What we think: #12 QB

Joe Flacco

An awful lot of people accuse us of being Ravens haters, simply because a decent majority of our full-time staff are yinzers. Well, let me tell you something chief, it's not just humans who hate him - the computers hate him too! In fact, peep this excerpt from why Joe Flacco's contract is the worst ones in history:

So, what do we see? Well, for one, Joe Flacco's raw efficiency has never been a top 10 quarterback in this league. Not only that, he got this massive contract after having his weakest regular season since he was a rookie. Just for entertainment purposes, let's look at who was ahead of Joe in 2012. Carson Palmer, #11. Sam Bradford, #14. Christian Ponder, #15. Yikes.

He was never a legit fantasy QB, so let me pull a Kanye and stop you right there. He's not worth his contract, he's missing the veteran route-running glue of Anquan Boldin and his underrated TE Dennis Pitta, he had one of the luckiest, flukiest playoff stretches in recent memory from any sport, and if you draft him to be anything other than your fantasy clipboard holder, you're in for a world of hurt.

What we think: #18 QB

Michael Vick

And speaking of hype, I think it's fair to say that the Michael Vick hype has reached Shane Vereen proportions. Remember when it was in question whether or not he'd even be allowed to play again?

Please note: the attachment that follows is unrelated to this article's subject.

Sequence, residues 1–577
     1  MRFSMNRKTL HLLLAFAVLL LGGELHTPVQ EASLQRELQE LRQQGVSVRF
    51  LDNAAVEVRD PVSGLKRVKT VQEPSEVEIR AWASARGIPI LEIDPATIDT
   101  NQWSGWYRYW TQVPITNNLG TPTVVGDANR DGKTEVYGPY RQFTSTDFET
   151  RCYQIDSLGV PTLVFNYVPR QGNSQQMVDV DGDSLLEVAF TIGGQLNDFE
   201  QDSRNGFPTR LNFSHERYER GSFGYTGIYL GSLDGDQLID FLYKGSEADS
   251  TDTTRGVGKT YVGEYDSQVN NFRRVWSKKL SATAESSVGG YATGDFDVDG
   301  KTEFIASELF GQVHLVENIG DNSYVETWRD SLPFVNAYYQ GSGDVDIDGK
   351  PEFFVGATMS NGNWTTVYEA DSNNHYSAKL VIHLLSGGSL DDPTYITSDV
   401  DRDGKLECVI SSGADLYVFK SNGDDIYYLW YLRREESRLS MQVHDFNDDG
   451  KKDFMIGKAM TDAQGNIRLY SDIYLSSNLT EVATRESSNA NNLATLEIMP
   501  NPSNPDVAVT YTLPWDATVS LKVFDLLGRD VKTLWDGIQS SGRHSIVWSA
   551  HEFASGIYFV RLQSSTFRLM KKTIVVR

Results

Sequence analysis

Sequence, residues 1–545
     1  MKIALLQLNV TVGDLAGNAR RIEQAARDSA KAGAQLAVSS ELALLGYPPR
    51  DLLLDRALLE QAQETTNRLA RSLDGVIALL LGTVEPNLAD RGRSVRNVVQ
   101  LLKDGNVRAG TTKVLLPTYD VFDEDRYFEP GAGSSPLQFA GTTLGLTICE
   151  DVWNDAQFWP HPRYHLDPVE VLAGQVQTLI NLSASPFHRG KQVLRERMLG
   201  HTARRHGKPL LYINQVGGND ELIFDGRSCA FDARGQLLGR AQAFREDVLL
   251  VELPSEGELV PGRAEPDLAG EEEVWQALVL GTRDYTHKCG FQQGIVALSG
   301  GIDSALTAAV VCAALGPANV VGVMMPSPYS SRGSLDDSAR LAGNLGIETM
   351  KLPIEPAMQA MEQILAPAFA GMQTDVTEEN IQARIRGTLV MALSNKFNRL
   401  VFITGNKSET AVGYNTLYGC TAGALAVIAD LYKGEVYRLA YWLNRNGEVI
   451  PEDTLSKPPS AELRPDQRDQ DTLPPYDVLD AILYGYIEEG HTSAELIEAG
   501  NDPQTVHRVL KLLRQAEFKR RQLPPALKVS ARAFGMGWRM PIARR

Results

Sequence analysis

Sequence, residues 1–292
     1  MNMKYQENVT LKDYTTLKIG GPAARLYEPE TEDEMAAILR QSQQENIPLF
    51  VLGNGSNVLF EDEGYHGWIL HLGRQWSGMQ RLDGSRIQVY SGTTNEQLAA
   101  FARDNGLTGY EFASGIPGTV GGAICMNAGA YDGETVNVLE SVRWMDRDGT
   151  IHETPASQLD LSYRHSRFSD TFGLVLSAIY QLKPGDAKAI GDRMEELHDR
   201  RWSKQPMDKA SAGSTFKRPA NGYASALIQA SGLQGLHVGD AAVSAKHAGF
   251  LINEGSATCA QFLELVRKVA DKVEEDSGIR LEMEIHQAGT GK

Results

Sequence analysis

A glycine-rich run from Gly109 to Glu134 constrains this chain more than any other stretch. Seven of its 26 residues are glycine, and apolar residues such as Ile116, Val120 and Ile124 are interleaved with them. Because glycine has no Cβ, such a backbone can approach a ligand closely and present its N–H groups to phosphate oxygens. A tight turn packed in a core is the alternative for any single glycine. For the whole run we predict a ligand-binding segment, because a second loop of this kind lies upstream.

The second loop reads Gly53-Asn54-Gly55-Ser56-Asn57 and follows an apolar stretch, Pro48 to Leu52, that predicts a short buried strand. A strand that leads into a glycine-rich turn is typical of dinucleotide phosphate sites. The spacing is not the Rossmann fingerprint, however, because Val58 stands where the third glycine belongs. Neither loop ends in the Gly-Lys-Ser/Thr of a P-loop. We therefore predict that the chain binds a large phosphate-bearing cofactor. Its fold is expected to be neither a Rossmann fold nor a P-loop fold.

Canine transgressions aside, the metrics don't point to Michael Vick becoming fantasy relevant ever again: after all, his closest statistical comparable is Alex Smith. To make matters worse, it's not even late-career-maybe-he's-not bad Alex Smith, it's 2006 oh-crap-what-have-we-done Alex Smith.

LeSean McCoy is as legit as they come - and in fact, we have him #3 overall, much higher than most - but Jeremy Maclin being out doesn't help and 2009 DeSean Jackson isn't walking through the door. With his Methusaleh-esque age, one tough hit will make Mike watch the games on a hospital TV, and let me also remind you that this is a QB who was outplayed by Nick "Arena League" Foles most of last year. Take him as a deep flier with some admitted upside but that's about it.

What we think: #20 QB

Ryan Tannehill

A lot of people are touting Ryan Tannehill as a deep sleeper, pointing to the addition of Mike Wallace and the emergence of Lamar Miller of a credible run threat as pillars of this belief. Let me summarize my response to them in one word.


This one is so ridiculous, I almost don't even want to dig into the math on it. Let's start with Mike Wallace. We can all agree that he's best as a deep threat, except that Tannehill connects on just 33% of his deep passes (15+ yards), one of the worst figures in the league. Oh, also, he's a locker room cancer who tries only when he wants to and when things are going well, which they certainly haven't been as of late in Miami. Sounds like a recipe for success to me!

And then there's our man Lamar Miller: he's unproven and boasts a worse run efficiency metric than his backup, Daniel Thomas. If Tannehill strugged last year with the much more effective Reggie Bush in the backfield - not to mention Bush's infinitely more prodigious skills in the passing game - how well do you think a slower, less efficient, less seasoned Miller will do? Yeah. Don't even draft him. Not as a flier, not as a sleeper. He's below replacement level. He's not a sleeper, he's dead on arrival.

What we think: #25 QB